Just as one begins to think that this is the ultimate male dream, the camera begins to show uncomfortable close-ups of their facial skin. The tension is increased when they start cutting their wings, generously splashing blood on the white outfit. At the end the scene is celebrated with a shower of champagne.”Love conquers everything!”. As much as I don´t like the word “feminism”, because today it rather brings negative connotations of extremism, I couldn’t help being charmed by the genuineness of those girls.
Their work shows sensitivity, confidence and pride in being a woman. One of the reasons why I came to Iceland is because of the legend of how strong and independent the women from the North are, a paradise for feminists. My very first lesson in the Icelandic language was a story from “Laxdæla” about Guðrún mistreating her husbands. Immediately I associated “love corporation” with female revolutionaries. Being one myself, I called my foreign comrades Sigrún and Jóní for an interview (the third one lives in Berlin). On Sunday morning I had a bad feeling that no Icelander gets up early after a heavy weekend, but Sigrún showed up. It turned out that Jóní had had a “bachelorette party” the previous night, attended by among others Sigrún. I felt bad for dragging her out of bed.
Q: – So what did you do?
A: – Oh, it was great. We were only girls, and we went to Kramhúsið, where Jóní danced really beautifully.
Q: – Why do you call yourselves The Love Corporation in English, while your Icelandic name means something else (“gjörningur”=“a happening or performance”), according to the dictionary)?
A: – Actually it means “performance club”, like a “knitting club”, which is a popular Icelandic expression for women gathering together over gossip and exchanging recipes. Traditionally in such male clubs- golf, bridge, whatever clubs, the access of women is strictly prohibited, and during leisure-time serious business is often discussed there as well. So, why not a knitting club? It could be pretty serious business, too.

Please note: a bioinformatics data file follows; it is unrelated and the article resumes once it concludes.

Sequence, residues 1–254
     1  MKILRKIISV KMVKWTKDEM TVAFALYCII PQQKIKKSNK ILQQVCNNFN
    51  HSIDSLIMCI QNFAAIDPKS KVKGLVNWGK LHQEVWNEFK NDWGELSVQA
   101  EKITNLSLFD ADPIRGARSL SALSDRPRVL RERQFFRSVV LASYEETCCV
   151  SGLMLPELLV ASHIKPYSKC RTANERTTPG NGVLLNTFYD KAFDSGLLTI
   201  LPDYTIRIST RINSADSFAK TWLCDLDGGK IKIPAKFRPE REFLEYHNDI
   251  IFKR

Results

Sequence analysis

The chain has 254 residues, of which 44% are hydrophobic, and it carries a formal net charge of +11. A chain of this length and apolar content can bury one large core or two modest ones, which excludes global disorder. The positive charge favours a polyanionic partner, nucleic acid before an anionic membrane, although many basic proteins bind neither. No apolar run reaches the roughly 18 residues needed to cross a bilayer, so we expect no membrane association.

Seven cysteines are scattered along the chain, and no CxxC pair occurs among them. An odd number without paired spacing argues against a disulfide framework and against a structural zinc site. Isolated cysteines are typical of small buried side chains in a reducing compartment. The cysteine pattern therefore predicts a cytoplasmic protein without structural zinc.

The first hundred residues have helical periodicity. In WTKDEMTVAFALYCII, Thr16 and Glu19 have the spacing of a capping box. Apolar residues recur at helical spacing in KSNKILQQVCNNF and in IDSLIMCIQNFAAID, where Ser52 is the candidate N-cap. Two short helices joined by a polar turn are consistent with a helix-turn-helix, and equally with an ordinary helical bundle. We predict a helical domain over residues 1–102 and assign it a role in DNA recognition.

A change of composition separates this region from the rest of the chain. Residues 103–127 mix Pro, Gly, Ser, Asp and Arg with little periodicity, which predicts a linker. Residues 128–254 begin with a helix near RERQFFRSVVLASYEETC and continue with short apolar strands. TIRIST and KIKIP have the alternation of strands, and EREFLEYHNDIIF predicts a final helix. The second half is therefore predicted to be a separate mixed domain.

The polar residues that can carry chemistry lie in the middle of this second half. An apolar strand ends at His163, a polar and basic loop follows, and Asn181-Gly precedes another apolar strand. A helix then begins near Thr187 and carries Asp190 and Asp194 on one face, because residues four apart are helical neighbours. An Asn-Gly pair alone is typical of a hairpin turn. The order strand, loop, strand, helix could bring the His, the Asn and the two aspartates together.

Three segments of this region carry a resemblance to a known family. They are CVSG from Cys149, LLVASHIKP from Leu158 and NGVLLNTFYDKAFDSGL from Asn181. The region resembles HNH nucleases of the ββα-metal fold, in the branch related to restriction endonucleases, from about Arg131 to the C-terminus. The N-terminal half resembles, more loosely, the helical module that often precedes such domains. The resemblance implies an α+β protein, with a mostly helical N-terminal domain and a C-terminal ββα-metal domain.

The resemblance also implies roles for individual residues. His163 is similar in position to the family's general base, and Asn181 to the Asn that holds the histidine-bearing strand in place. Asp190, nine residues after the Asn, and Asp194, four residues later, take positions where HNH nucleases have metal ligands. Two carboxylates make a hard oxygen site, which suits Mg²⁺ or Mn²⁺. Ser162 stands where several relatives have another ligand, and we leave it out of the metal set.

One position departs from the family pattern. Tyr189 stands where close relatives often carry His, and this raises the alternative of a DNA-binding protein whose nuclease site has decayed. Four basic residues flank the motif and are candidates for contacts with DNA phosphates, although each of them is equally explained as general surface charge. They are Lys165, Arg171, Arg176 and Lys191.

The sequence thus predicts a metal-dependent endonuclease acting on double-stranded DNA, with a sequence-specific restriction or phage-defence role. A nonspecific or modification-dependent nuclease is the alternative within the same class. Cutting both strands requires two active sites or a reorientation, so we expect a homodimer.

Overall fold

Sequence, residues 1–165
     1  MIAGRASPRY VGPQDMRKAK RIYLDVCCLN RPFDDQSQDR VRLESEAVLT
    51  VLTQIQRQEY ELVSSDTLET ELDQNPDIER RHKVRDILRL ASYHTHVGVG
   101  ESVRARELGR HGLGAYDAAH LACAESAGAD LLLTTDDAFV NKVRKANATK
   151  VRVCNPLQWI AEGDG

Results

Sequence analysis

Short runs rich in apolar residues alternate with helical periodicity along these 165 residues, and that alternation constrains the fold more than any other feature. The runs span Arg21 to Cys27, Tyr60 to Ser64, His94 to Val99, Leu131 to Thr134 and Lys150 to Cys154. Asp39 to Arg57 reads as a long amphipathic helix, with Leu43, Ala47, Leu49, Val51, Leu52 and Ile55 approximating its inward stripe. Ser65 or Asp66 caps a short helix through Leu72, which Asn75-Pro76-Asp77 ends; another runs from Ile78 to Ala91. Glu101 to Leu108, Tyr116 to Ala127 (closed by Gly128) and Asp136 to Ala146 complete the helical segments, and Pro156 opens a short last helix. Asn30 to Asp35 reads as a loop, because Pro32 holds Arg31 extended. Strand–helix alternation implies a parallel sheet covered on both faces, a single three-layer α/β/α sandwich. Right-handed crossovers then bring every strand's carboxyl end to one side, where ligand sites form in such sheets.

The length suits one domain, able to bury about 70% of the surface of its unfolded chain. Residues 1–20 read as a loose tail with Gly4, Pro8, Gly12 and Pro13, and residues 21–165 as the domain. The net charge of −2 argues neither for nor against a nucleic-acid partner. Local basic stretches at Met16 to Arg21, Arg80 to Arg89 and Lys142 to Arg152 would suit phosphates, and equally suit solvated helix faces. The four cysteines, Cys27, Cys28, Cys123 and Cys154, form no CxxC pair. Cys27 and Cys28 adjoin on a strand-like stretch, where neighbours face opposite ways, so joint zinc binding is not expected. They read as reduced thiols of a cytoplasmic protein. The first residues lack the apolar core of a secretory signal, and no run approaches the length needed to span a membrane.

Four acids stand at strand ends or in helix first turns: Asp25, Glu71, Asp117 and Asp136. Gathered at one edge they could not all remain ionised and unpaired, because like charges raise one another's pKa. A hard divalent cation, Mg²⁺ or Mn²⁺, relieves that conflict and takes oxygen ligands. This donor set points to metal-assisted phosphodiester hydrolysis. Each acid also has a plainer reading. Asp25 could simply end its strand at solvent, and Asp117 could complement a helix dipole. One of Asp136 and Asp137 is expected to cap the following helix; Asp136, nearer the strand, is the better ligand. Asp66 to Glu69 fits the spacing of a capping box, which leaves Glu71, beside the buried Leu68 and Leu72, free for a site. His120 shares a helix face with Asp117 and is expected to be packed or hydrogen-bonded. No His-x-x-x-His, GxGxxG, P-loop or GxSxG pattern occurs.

Q: I read somewhere, that you do performances because you hate it- “the most pretentious art form of all”, right? And you do a lot of poetic (sentimental) slogans. I am big fan of manifestos – reminds me of the modernistic “-ism” schools being formed between First and Second World War. Are you serious about your hatred of performance?
A: Yes, we hate performances. Today you can not say such stuff without sounding naive and silly, because we all know that those ideas you mentioned didn’t work at the end.So, we are self-ironic, in a way. But it doesn’t hurt believing in them. Its about loving life in joy and sorrow. You won’t change the world, but hope keeps you moving ahead.
Q: – All of you lived and studied abroad. The other girls were exchange students in Copenhagen, and you worked in New York. Weren’t you tempted to stay in the big world beyond the ocean? It seems to me that Icelanders who live abroad always come home in about 10 years. What explains this Icelandic phenomenon?
A: – I followed my boyfriend for 12 years, (my husband today), who was studying there; he is a movie-maker. I also went to school there, but I quit- it was way too expensive. I kept doing illegal jobs, and it was tiring. I didn’t have freedom to do what I want because of the visa-restrictions. Now I wouldn’t go back. Things in the States worry me. And I was terribly homesick.
Q: – How do you manage to work as a team? There are always leaders and passive people and normally the leaders are the ones with confidence, while the silent people are the ones with knowledge.
A: – We all contribute with something. At the end the product is something which individually nobody would have come up with alone.
The Love Corporation´s exhibition opens on the 12th of November in the National Art Gallery (Listasafn Íslands).